Activity Data Synthesis

Wednesday, 28 September 2011

A round-up of recent JISC Activity Data activity

The synthesis team have been busy honing the content of our final deliverable for this programme. Namely a one stop shop which gathers together the projects' collected wisdom on identifying, collecting, managing and sharing activity data within UK HE. The amount of content we have to share means we have a challenge to present it in an intuitive way with easily navigable routes into (and out of) the information for end users but we're hopeful that it's achievable and you'll be able to judge the fruits of our labour next month when we'll be launching it.

Earlier this month we ran a pre-conference workshop at ALT-C which (talking of navigation issues) seemed to go very well once the initial challenge of finding the room itself was conquered. The session was entitled 'Improving processes by using activity data' and featured the following sessions:
- Introduction to activity data [presented by Tom Franklin]
- Challenges raised by activity data [presented by Mark van Harmelen]
- [Case Study] Leeds Met STARTrak: NG - using activity data in support of student success [presented by Rob Moores]
- Discussion of potential use case [facilitated by David Kay]
- [workshop session] Building a business case [facilitated by Tom Franklin and myself]
- [workshop session] Working with activity data - technical discussion of value and challenges [facilitated by Mark van Harmelen and David Kay]

I've combined (i.e. wrestled) all the slides from the workshop into one presentation and uploaded it as a pdf which you can view below:

The Tabbloid digest for that week captures the tweets from the workshop:

Here are some of my twitter highlights from the day:

Hidden amongst all the workshop tweets is a gem from the AGtivity project: a blogpost sharing what they've worked out about handling timestamps between UNIX, GNUplot and Excel during the course of their project. Another gem came from the direction of AGtivity in the shape of Martin Turner bringing CritterVRE to my attention. Martin used it to capture the twitter activity from the day and it looks like a useful tool to add into my event amplification / capture toolbox. The service was developed to use alongside Access Grid sessions but it looks useful for other purposes too (if that's allowed, I haven't had a go yet).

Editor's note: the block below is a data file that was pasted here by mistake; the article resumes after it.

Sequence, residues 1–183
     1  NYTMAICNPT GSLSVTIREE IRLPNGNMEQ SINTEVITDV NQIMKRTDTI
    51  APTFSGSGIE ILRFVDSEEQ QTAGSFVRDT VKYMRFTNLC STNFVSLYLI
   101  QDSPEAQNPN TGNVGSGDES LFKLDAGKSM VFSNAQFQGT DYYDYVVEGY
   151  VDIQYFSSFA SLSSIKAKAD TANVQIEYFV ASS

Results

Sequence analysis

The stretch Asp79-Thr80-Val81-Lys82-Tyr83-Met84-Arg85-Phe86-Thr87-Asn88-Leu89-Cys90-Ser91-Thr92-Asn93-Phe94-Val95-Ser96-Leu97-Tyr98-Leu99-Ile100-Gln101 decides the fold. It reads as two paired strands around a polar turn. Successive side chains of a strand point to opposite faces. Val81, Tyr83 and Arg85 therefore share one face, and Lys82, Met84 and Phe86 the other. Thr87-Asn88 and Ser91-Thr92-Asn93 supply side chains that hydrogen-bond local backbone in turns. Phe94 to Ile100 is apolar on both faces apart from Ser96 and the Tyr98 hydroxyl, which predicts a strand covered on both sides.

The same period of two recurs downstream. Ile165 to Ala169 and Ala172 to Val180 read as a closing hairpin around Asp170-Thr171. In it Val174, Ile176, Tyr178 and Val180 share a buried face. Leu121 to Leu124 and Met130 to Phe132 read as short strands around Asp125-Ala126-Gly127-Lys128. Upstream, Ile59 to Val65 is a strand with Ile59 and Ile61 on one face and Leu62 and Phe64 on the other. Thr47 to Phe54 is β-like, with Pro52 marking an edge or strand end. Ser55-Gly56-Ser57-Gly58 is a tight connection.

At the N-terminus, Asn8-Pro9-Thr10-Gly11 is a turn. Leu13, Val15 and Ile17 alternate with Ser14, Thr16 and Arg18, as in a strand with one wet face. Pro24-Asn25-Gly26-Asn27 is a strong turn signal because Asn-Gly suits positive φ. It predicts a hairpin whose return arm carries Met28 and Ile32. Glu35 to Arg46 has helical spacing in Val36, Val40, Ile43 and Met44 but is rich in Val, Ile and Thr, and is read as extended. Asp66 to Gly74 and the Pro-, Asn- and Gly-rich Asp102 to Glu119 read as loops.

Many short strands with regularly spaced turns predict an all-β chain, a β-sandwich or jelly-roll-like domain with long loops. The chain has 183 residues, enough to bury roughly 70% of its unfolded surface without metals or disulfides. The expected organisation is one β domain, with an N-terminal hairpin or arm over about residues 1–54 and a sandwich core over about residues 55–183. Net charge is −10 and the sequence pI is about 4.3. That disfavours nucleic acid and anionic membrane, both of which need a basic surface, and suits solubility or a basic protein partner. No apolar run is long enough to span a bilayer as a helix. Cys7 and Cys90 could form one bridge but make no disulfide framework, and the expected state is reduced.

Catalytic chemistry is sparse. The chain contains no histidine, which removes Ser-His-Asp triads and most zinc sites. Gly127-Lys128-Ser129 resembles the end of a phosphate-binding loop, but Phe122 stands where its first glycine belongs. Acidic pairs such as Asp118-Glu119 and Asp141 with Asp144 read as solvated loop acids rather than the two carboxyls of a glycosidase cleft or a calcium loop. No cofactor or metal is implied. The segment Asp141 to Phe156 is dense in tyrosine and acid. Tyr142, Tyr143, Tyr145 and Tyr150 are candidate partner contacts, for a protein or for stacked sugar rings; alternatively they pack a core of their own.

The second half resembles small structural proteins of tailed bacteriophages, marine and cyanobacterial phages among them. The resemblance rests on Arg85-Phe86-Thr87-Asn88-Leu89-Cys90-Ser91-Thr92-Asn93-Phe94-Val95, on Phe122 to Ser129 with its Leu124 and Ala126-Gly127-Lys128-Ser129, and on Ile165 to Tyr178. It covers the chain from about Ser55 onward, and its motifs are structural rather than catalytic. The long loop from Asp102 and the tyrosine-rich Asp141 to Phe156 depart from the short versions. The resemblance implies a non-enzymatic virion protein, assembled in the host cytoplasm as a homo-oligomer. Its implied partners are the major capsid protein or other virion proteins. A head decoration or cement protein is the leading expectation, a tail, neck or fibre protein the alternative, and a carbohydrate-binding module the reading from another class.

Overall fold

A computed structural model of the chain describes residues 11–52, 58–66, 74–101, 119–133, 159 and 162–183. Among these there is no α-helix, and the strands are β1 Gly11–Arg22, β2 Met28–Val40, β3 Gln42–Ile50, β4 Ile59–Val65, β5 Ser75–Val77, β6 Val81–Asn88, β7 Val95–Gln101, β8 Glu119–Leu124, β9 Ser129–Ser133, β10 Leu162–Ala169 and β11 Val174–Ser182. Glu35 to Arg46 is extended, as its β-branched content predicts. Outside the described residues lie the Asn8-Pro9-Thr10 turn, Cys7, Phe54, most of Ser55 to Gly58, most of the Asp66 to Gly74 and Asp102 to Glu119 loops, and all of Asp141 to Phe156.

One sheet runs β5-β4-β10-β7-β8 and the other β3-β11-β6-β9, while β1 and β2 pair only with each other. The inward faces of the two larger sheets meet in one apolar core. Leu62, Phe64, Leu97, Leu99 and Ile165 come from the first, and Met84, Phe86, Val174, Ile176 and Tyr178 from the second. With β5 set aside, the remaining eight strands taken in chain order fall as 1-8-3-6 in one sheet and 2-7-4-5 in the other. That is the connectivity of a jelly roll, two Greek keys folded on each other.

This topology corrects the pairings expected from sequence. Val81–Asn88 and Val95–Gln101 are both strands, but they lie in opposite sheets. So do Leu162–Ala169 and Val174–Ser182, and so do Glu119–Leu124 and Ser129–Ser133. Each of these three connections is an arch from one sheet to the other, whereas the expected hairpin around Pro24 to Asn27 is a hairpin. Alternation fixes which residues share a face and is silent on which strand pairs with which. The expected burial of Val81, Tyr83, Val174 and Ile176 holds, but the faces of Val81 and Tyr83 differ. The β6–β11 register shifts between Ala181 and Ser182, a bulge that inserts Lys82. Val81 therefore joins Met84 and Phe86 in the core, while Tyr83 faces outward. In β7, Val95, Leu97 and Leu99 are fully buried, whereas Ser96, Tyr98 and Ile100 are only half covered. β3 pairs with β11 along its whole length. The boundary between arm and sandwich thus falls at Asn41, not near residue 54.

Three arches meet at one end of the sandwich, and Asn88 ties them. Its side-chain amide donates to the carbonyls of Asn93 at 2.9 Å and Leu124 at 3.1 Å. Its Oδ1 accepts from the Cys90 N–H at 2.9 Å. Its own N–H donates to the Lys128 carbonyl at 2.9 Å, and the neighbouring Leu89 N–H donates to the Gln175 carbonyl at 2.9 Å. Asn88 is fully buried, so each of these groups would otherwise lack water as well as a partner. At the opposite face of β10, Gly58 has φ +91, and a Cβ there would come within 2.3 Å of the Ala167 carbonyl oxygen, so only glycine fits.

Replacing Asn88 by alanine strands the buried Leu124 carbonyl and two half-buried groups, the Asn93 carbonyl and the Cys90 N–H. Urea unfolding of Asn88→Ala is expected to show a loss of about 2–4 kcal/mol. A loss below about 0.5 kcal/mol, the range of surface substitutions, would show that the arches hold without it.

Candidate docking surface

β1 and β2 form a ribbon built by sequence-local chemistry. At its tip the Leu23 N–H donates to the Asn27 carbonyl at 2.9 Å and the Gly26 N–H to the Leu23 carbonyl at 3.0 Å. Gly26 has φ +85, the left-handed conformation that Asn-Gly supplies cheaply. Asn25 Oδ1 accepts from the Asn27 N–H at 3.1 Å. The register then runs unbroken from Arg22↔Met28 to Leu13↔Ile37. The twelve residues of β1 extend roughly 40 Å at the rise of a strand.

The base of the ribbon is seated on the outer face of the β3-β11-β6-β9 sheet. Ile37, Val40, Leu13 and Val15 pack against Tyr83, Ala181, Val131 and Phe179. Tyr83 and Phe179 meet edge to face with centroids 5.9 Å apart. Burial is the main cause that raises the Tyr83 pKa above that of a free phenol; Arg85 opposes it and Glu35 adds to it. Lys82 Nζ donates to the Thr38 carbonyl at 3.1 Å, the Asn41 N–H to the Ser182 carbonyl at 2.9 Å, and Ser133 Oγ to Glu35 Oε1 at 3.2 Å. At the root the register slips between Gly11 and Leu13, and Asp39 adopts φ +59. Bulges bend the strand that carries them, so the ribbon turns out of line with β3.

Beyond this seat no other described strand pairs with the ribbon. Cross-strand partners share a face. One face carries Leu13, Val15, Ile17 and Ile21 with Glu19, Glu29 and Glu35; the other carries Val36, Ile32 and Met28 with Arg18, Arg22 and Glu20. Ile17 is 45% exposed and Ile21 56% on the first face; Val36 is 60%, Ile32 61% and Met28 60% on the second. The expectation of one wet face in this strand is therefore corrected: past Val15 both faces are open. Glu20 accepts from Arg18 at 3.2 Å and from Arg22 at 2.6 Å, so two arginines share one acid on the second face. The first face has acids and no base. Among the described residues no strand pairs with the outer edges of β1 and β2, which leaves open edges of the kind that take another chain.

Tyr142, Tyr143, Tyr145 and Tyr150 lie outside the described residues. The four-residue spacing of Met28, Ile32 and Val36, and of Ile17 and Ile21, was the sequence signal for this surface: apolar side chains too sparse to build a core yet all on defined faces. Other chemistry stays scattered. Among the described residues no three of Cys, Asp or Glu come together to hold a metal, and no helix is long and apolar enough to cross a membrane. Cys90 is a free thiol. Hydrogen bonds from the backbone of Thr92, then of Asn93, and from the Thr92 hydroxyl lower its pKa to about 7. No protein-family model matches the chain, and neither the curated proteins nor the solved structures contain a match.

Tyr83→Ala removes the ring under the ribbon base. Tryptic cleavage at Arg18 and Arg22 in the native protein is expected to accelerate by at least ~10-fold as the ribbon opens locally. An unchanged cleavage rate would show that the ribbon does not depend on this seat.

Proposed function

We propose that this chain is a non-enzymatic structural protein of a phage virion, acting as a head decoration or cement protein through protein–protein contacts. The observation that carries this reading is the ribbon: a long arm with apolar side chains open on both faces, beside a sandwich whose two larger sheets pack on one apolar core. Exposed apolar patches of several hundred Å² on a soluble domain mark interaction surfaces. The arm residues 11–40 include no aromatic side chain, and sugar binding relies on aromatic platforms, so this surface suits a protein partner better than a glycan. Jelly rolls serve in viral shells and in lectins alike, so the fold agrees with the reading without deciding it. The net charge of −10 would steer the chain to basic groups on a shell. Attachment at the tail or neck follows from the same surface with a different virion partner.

September was a busy month on the Exposing VLE Activity Data project blog as the end of their project extension period:
- A guide to their Perl analysis tool.
-  A guide to using Gephi to visualise a bipartite network of users and websites [including a discussion of their approach and a technical recipe/guide] .
- Analysis of their VLE event logs.
- A discussion of releasing anonymised VLE event log data [including a link to the dataset they've released (4gb download)].

The LIDP project have now released data as well as a Library Impact Data toolkit (both of which are published under open licences).

Wednesday, 14 September 2011

Draft Guide: 'Legal issues relating to sharing data'

The problem

If you want to share activity data with others then you have to make sure that you have the right to do so, that you share it in an appropriate way and that the terms under which you share it are appropriate.

In order to share data you have to have the right to do so, In practice this means that you need to ensure that you have the right to do so because you have appropriate intellectual property rights (IPR) in the data. If the data subjects might be able to be identified (i.e. you are realising full data rather than statistical data) then the data subjects need to have been informed that sharing can happen when they agreed to the data being collected (and they had a real ability to opt out of this). Finally you will need to select an appropriate licence under which to release the data.

The options

Intellectual property rights (IPR)

It is likely that you will own the data from any systems that you are running, though it may be necessary to check the licence conditions in case the supplier is laying any claim to the data. However, if the system is externally hosted then it is also possible that the host may lay some claim to the log-file data, and again you may need to check with them.

  • JISC Legal has a section addressing copyright and intellectual property right law

Data protection

Data protection, which addresses what one may do with personal data, is covered by the 1988 Data Protection act, and there is much advice available including:

An alternative approach to addressing the needs of data protection is to anonymise the data.

Licensing the data

Any data automatically comes with copyright, and therefore you need to licence the data in order for other people to legitimately use the data. There are a wide variety of types of licence that you can use, though the most common is likely to be some form of creative commons licence.

Guidance is available from a wide variety of places including:

- Introduction to licensing and IPR

- Creative Commons license: